Caste War (Other Keyword)

1-3 (3 Records)

"An Indian Nation, whose Object Appears to be to Obtain Both from Britain and Mexico, the Recognition of her Independence": International Diplomacy, Trade, and the Maya of San Pedro (2018)
DOCUMENT Citation Only Minette Church. Christine Kray. Jason Yaeger.

In 1810, British Honduras was a set of coastal settlements, served by the British Foreign Office rather than the Colonial Office, with only usufruct logging rights ceded by Spain in treaty negotiations of 1783/1786. The Foreign Office used the new independence of Mexico, the Federal Republic of Central America, and later Guatemala, as opportunities to renegotiate terms, arguing they were no longer bound by treaties with the now defunct New Spain. At the time of these renegotiations, some Maya...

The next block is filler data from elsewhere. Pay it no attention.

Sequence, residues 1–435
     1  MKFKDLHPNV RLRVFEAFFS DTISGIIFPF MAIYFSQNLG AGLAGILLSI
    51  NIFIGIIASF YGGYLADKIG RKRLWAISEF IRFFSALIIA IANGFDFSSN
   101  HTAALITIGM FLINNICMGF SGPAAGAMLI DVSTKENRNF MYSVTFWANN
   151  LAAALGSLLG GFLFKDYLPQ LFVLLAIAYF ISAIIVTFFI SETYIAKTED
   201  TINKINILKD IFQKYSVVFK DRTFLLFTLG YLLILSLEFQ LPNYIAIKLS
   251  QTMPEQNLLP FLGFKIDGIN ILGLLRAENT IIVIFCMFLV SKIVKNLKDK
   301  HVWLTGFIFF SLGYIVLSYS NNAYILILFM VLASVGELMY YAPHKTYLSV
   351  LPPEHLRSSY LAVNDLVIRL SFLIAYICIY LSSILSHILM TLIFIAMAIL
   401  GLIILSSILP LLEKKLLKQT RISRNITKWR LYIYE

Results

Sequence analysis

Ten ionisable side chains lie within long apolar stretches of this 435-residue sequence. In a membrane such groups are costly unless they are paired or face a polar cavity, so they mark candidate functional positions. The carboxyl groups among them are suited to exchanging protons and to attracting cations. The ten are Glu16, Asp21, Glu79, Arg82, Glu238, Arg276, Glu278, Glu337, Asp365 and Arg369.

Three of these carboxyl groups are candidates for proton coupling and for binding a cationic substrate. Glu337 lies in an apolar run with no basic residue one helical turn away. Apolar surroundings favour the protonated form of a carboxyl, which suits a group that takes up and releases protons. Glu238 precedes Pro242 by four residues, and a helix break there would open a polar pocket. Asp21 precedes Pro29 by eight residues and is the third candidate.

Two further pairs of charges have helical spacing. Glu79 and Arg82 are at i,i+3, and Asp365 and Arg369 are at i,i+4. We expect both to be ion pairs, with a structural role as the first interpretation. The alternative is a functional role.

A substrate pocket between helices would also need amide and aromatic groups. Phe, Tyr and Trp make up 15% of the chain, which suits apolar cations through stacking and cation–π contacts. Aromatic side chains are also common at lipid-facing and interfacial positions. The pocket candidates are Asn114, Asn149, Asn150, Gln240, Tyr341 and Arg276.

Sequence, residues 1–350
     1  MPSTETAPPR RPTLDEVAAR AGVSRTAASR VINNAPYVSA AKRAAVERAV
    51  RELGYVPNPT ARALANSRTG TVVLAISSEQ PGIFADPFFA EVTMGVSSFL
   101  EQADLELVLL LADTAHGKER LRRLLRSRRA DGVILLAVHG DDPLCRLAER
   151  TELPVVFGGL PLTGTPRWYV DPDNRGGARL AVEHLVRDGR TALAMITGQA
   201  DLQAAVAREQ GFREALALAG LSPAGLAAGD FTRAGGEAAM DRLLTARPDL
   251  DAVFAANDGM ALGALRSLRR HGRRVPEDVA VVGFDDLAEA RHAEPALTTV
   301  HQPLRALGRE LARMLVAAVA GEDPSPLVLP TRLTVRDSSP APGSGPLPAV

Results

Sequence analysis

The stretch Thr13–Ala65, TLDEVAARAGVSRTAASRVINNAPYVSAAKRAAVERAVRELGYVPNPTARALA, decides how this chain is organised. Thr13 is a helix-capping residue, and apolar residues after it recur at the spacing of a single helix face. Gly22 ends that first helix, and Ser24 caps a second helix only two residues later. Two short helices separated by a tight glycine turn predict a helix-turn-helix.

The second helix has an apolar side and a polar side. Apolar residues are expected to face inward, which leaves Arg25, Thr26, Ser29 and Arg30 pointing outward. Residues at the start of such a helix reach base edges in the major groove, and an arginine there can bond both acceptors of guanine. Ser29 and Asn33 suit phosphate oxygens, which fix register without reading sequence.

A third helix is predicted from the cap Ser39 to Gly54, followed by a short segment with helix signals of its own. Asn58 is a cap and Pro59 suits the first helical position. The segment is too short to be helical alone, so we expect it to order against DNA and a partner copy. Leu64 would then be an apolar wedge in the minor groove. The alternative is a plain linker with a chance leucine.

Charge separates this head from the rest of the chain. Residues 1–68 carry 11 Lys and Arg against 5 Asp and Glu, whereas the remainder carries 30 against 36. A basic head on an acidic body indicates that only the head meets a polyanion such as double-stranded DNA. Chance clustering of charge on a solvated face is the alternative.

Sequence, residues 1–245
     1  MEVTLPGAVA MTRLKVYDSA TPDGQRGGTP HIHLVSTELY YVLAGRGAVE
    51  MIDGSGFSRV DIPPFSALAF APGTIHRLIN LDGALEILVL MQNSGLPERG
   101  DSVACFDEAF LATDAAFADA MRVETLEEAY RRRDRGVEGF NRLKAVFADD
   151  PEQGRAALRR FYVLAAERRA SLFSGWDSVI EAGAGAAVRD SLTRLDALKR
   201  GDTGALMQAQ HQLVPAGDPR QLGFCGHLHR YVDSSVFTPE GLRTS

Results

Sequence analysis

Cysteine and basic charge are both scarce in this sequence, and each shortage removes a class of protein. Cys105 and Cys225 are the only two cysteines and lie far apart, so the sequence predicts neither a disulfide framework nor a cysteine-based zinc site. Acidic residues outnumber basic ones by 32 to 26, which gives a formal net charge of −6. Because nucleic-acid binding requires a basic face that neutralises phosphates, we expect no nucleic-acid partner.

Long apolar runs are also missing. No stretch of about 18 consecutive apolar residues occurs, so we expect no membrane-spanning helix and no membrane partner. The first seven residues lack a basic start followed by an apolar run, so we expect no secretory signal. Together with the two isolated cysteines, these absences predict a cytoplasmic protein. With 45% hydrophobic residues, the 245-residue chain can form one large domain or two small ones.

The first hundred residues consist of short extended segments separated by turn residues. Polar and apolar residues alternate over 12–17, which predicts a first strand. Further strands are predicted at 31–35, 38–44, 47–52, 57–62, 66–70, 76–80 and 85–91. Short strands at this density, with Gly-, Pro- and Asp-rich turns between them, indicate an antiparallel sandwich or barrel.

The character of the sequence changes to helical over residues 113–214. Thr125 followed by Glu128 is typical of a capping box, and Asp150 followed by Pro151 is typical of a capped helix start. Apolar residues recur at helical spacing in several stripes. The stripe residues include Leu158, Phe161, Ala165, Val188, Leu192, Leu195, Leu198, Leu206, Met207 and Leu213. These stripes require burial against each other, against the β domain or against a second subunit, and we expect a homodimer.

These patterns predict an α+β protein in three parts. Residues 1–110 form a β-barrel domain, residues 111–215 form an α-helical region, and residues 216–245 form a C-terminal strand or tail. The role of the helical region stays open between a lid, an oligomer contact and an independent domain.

Legacies of Resistance in Postcolonial Yucatán (2018)
DOCUMENT Citation Only Rani Alexander.

The Caste War of Yucatán (1847-1901) is widely regarded a "successful" revitalization movement in the Americas. Construction of historical memories that emerged from the golden age of peasant studies in anthropology highlight redress of colonialism’s socioeconomic disparities, the birth of a new religion, and return to traditional lifeways, which recall the glories of the prehispanic era. But what is the basis of these interpretations? Were the entangled social, economic, political, and...

No Direction Home; Refining the Date of Occupation at Tikal’s 19th Century Refugee Village. (2016)
DOCUMENT Citation Only James Meierhoff.

In the latter half of the 19th Century, the ancient Maya ruined city Tikal was briefly reoccupied.  The frontier village was established some time before 1875, and had a maximum population of 15 households comprised of at least three distinct Maya speaking groups.  However, the site was again abandoned when archaeologists visited Tikal in 1881.  Most of the inhabitants were reportedly said to be Yucatec refugees fleeing the violence and upheavals of the Caste War of Yucatan (1847-1901) that...